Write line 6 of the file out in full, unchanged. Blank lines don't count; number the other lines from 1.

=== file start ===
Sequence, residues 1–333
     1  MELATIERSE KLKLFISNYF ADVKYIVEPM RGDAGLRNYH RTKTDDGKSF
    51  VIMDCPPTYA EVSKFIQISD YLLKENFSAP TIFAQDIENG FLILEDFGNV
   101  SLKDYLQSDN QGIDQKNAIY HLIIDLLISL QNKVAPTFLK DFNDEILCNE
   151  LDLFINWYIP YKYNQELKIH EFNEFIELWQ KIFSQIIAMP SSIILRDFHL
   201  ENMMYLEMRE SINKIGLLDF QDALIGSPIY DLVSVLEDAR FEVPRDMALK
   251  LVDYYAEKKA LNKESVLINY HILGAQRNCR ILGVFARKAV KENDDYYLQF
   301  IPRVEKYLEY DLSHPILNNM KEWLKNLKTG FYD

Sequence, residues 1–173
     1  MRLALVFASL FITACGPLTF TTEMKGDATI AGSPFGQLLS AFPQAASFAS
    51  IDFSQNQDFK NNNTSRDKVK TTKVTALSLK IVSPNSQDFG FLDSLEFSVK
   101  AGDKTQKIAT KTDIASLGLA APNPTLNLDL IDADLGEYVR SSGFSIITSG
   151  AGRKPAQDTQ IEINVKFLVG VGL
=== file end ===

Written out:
   201  ENMMYLEMRE SINKIGLLDF QDALIGSPIY DLVSVLEDAR FEVPRDMALK